Where are the fish? You walk outside to feed your fish one day and when you reach your pond you find all your beautiful fish gone. How can this be? You look for Fred, Lucy, TA, and all your other fish but can’t find them. Your heart races to your mouth, you run around your pond, you check your skimmer, you want to scream but can’t, and you search your yard. Where or where can they be? Did a neighbor take them; did your wife sell them? Did a thief come during the night? There is a good chance that a thief did come during the night. That thief even wears his mask all the time.
One of the main predators to ponds that do not have steep sides at least 2 feet deep is the Raccoon. These adorable-looking creatures are nocturnal (night) feeders and their main dish is protein that comes from streams and ponds. Raccoons generally won’t enter the water if they can’t wade into it. They usually can’t hold onto their fish and swim.
They will climb over the roof of your house to get to the source of food. They can also destroy your plants trying to get to your fish. The best control for these is to live trap them. If you do live trap them they must be moved 20 miles from your pond or they will find their way back to your yard. Some people have used tampons soaked in fox urine and suspended these around their ponds. A good dog will help but raccoons can lead your dog into the water, get on their head, and drown your dog in as little as 6-8 inches of water.
Herons are other predators that have not only eaten fish but have also wounded fish with their bill trying to spear them. These large birds can stand 4 feet tall and can clear your pond of fish in short order. They feed during both day and night. Herons are a protected bird. It is unlawful to capture or harm them in any way. A statue decoy may keep them away but during the breeding season (spring) herons feed only a short distance from their nests.
The great Blue Heron is reputedly a solitary feeder but during this breeding-nesting time, they sometimes feed in groups of two or three. Using a statue at this time is like an open dinner invitation. I have even been told that a live heron even tried to get friendly with a decoy. You can even try putting a shiny object in your yard to scare them away. It has been always reported that they would walk up to the water. This being the case, a low line (fishing line) or fencing around the pond would work very well in keeping them out and away from your fish.
Herons will walk into the line but will not lift their feet to step over. Herons are fairly intelligent birds. I have been hearing reports that herons have been landing directly in the shallows of ponds. A woman from Flushing reported a heron landed right in her waterfall. Her falls were within 3 feet of her living room window and the heron’s wings brushed the window and she was afraid her window would break.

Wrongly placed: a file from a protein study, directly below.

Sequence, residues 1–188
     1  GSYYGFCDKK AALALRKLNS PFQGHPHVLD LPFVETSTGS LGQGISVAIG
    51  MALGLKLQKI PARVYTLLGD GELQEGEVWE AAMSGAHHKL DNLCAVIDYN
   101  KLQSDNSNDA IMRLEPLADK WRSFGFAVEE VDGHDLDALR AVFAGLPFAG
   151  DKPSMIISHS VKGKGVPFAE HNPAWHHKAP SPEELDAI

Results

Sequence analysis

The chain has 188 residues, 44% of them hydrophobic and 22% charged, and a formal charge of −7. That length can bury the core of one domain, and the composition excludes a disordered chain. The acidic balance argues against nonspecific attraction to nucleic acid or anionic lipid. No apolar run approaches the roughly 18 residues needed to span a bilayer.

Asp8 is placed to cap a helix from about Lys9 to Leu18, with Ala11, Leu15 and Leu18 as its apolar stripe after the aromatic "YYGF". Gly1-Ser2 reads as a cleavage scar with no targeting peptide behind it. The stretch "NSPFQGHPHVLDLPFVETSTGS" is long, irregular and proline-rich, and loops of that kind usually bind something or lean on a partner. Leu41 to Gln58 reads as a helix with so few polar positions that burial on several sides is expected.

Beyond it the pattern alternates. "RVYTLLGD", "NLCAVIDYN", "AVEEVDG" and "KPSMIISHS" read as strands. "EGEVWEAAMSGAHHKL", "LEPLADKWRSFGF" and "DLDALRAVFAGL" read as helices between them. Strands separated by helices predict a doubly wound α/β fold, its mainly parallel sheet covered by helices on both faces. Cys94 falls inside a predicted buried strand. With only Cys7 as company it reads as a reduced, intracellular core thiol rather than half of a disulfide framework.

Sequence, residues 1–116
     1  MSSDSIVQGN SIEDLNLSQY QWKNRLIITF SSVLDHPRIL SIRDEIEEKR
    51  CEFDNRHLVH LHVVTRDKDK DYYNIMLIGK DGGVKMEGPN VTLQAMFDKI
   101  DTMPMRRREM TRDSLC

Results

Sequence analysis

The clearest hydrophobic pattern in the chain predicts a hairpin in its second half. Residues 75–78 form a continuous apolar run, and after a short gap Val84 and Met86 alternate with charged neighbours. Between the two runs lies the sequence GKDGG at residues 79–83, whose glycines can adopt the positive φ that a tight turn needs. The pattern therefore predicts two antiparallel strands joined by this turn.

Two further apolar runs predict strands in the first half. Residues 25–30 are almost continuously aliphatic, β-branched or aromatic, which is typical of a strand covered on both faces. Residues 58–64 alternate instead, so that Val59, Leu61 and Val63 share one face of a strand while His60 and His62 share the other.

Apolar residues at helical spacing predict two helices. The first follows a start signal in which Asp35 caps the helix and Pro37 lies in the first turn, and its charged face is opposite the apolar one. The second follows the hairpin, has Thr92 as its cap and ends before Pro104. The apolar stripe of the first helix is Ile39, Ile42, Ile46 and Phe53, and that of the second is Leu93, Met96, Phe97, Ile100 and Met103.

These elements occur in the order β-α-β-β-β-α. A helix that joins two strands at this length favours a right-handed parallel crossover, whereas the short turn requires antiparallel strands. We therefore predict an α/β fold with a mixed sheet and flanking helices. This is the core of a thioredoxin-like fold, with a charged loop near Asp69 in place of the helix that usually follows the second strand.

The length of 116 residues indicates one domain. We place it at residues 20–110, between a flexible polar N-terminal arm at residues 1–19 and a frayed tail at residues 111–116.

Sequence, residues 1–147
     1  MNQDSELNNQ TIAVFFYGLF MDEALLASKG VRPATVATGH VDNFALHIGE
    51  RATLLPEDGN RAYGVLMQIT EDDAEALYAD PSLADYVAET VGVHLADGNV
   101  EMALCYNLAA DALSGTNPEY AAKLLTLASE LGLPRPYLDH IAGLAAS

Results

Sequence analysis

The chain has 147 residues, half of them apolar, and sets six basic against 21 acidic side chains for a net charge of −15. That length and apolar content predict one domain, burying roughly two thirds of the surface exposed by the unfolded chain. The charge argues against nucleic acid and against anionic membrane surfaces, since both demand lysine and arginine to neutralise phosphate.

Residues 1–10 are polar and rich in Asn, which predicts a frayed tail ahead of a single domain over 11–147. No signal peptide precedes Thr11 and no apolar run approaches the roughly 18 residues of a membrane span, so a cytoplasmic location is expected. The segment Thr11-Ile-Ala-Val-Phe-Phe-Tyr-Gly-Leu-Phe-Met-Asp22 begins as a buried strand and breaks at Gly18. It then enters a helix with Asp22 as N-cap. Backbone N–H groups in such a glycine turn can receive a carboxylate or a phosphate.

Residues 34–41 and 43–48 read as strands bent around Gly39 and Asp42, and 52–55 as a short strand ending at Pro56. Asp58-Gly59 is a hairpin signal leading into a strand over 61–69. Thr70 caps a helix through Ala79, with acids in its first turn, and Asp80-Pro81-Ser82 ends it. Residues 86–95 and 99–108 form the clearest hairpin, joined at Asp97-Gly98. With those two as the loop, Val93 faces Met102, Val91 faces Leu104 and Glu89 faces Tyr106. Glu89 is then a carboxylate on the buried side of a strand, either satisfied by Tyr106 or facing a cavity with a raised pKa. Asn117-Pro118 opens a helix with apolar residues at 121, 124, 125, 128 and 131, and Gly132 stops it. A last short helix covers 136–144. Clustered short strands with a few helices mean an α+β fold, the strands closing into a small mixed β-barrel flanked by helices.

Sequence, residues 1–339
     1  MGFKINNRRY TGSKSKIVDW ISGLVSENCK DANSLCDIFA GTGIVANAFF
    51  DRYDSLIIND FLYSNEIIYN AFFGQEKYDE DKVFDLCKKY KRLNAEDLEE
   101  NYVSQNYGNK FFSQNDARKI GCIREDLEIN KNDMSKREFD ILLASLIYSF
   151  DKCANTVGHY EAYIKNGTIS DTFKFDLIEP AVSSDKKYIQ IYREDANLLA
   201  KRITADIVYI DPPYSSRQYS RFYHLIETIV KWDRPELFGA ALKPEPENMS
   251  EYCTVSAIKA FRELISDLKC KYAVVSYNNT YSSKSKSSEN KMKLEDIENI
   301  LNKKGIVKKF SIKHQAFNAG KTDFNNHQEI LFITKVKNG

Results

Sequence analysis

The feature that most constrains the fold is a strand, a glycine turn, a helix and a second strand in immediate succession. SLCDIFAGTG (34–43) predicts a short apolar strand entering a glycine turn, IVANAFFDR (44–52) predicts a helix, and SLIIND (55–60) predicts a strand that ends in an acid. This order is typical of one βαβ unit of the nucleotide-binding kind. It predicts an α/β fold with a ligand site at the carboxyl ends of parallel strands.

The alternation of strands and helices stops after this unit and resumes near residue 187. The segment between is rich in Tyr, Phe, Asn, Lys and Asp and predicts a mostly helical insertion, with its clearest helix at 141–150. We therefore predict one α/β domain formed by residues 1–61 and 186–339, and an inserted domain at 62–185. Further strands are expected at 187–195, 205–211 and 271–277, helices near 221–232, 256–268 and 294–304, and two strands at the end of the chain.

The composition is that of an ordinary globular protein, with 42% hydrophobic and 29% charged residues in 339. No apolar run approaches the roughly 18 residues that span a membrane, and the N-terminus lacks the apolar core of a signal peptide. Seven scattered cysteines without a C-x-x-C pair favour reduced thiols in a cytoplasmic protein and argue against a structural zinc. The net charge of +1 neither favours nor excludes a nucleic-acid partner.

A new method of keeping herons at bay from your pond is the use of a water scarecrow. This is a motion-sensor sprinkler that is hooked up to your garden hose. The only downfall is that after a few times of being sprayed with water, the herons become comfortable with it. Loud music or noise will keep them away for a while. Whatever you do, keep moving your device around the yard to keep the herons unfamiliar with the strategy.
The best way to keep herons away from your fish is to place blackbird netting over your pond. You must keep it out of the water so that fish and frogs do not get trapped. It also has to be high enough so that the heron can’t spear your fish through the net. Make sure it is secured around the bottom so that they can’t get under it.
On a visit to a wildlife sanctuary in Florida, I had a chance to see herons up close. When the workers went into the area with the herons, the workers wore helmets with full-face protectors. This I learned was to protect them from the strike of the heron’s long neck and long sharp bill. They strike with the speed of lightning.
Herons aim right between the eyes of their attacker with such power that they punch a hole into the skull. So don’t think you can chase them out of your yard. Some may fly but you could meet up with a very stubborn one that will not fly.
Kingfisher is another bird that can clean out your pond in a short time. They perch in trees or on wires and catch fish by splash-diving or hovering high over your pond and swooping down. The Belted Kingfisher is a medium-sized blue-gray with white underparts and a band across its chest. It has a large, bushy head and a stout, pointed bill.
In May of 2000 I purchased a beautiful black butterfly koi. I introduced it to my pond around 11:00 am. Around 3:00 pm while I was sitting in my Michigan Room taking pride in my pond and fish I noticed a large bird had landed in the top of my silver maple. The maple was sheared off by a windstorm a few weeks earlier. I knew it was some kind of a hawk.
It had blackish-brown top and was white below with a head that was mostly white with a broad black cheek patch. It was taller than the Cooper Hawk. As it took to the air and I witnessed the spectacular sight of it diving feet-first into my pond, snatching my black butterfly koi and carrying it off aligned head first, in its talons. I ran outside, shouted a few choice words and watched as my $20.00 koi passed over the neighborhood. If you guessed it was an Osprey, you’re right. This bird was reported hanging around For-Mar Nature Preserve for about three weeks. I live just down the road from there.
Mink and Egrets are other predators.
Heavily planted bog or marginal plants around your pond can deter animals. Submerged plants can offer some shelter for your fish. Large pipes or milk crates in the bottom of your pond can give your fish someplace to hide and seek shelter from predators. Be on guard and don’t let your fish be a predator feast.
Darlene Jennings, The Pond Lady
(Darlene is a MSU Advanced Master Gardener and founder of Mid-Michigan Pond & Water Garden Club)